Learning from failures: First Experiment at NectarCommerce Extension Approach

The post belongs to NectarCommerce and Extension Framework Awareness Series

  1. NectarCommerce Vision
  2. Extension Framework Game Plan
  3. Introduction to Metaprogramming
  4. Ecto Model Schema Extension
  5. Ecto Model Support Functions Extension
  6. Phoenix Router Extension
  7. Phoenix View Extension
  8. Running Multiple Elixir Apps Together
  9. Extension Approach Explained
  10. Learning from failures: First Experiment at NectarCommerce Extension Approach
  11. Developing NectarCommerce Extensions
  12. Building an exrm release including NectarCommerce

Learning from failures: First Experiment at NectarCommerce Extension Approach

Where we left off

In the past few posts we have learned how to write code that extends existing models, routers, added methods to override view rendering and run multiple phoenix application together in the same umbrella project. Let’s Continue to build upon that and write our first extension for NectarCommerce favorite products and ultimately our store based on NectarCommerce.

A layered guide to NectarCommerce extensions

Index

  1. Setup
  2. Model Layer
  3. View Layer
  4. Testing

Setup

Create a new phoenix application to hold the favorite products application, in your shell run inside the umbrella/apps folder:

We could have gone with a regular mix application, but Phoenix/Ecto will be handy in this case, since we want to have views to display stuff and a model to store data.

While we are at it let’s configure our dev.exs and test.exs to use the same db as Nectar, we could write some code and share the db settings between Nectar and our extensions, see: running multiple elixir applications together for more details. But, for simplicity’s sake we are just copying the settings from Nectar to get started.

DB_SETTINGS:

We need to let the extension manager know that this application is an extension for Nectar.
Update the dependencies in extension_manager/mix.exs with the favorite_products dependency.

That should be enough to get us going.

MODEL LAYER

We want a Nectar user to have some products to like and a way to remember them, we can use a join table with relations to user and products to achieve this. let’s generate the model:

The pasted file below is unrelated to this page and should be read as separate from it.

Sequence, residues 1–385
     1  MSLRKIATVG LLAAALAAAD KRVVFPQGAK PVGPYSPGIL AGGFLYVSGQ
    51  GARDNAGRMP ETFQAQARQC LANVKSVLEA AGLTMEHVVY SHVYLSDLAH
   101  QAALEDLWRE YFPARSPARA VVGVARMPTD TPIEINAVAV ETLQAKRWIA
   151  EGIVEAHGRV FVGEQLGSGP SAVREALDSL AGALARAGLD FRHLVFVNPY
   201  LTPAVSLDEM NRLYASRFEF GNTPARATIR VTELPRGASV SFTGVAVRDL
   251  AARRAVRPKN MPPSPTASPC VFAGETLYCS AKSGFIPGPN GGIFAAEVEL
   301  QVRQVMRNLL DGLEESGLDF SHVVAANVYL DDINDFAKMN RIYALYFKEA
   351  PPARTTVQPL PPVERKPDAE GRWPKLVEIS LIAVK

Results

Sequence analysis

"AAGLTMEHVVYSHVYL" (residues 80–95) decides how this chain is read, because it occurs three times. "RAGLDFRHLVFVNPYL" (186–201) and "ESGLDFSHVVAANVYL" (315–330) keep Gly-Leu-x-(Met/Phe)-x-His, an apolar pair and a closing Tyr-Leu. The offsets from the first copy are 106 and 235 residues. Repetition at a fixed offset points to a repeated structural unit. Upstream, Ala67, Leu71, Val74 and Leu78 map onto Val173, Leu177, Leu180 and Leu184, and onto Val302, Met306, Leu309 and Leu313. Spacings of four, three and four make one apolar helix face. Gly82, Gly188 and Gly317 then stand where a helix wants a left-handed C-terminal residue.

Now to point to correct Nectar models. Open up the source and change the associations from favorite products model to Nectar models. In the end we have a schema like:

Of, course this is only the extension view of this relationship, We want the Nectar user to be aware of this relationship and most important of all, we should be able to do something like Nectar.User.liked_products(user) to fetch the products liked by user.

Time to call our handy macros written earlier to perform the compile time code injection. Let’s create the Nectar_extension.ex file in favorite_products/lib/ directory and place this code there:

Don’t forget to update the install file in extensions_manager.

Now we have a user that can like products and product from which we can query which users liked it.

Time to play with what we have built so far, start a shell in Nectar folder with:


Oops!, forgot the migration, remember we shared the db config earlier let’s put that to use and run:

Which will migrate the user_likes table onto the original Nectar database. Back to our shell

Voila! we can now save and retrieve records to a relation we defined outside Nectar from Nectar models without actually modifying Nectar code.

VIEW LAYER

Now that we can save the user likes, we should probably add an interface for the user to like them as well. Which leads us to the first shortcoming, in our current approach, we can replace existing views but right now we don’t have anything for adding to an existing view(Please leave us a note here if you know of a clean & performant method to do this). I also suspect most of us will end up overriding the existing views to something more custom then updating it piecemeal via extensions. For now let’s have a page where we list all the products and user can mark them as liked or unlike the previously liked ones.

controller

Notice how we use the Nectar.Repo itself instead of using the FavoriteProducts.Repo.
In-fact besides migration, we won’t be utilizing or starting the FavoriteProducts.Repo, which will help us keep the number of connections open to database limited only to the Nectar.Repo.

the view file: index.html.eex

In both of the files we refer to routes via NectarRoutes alias instead of favorite products.
To add the route from Nectar, update nectar_extension.ex with the following code:

And add to install.ex the calls:

Now we can see the added routes from Nectar: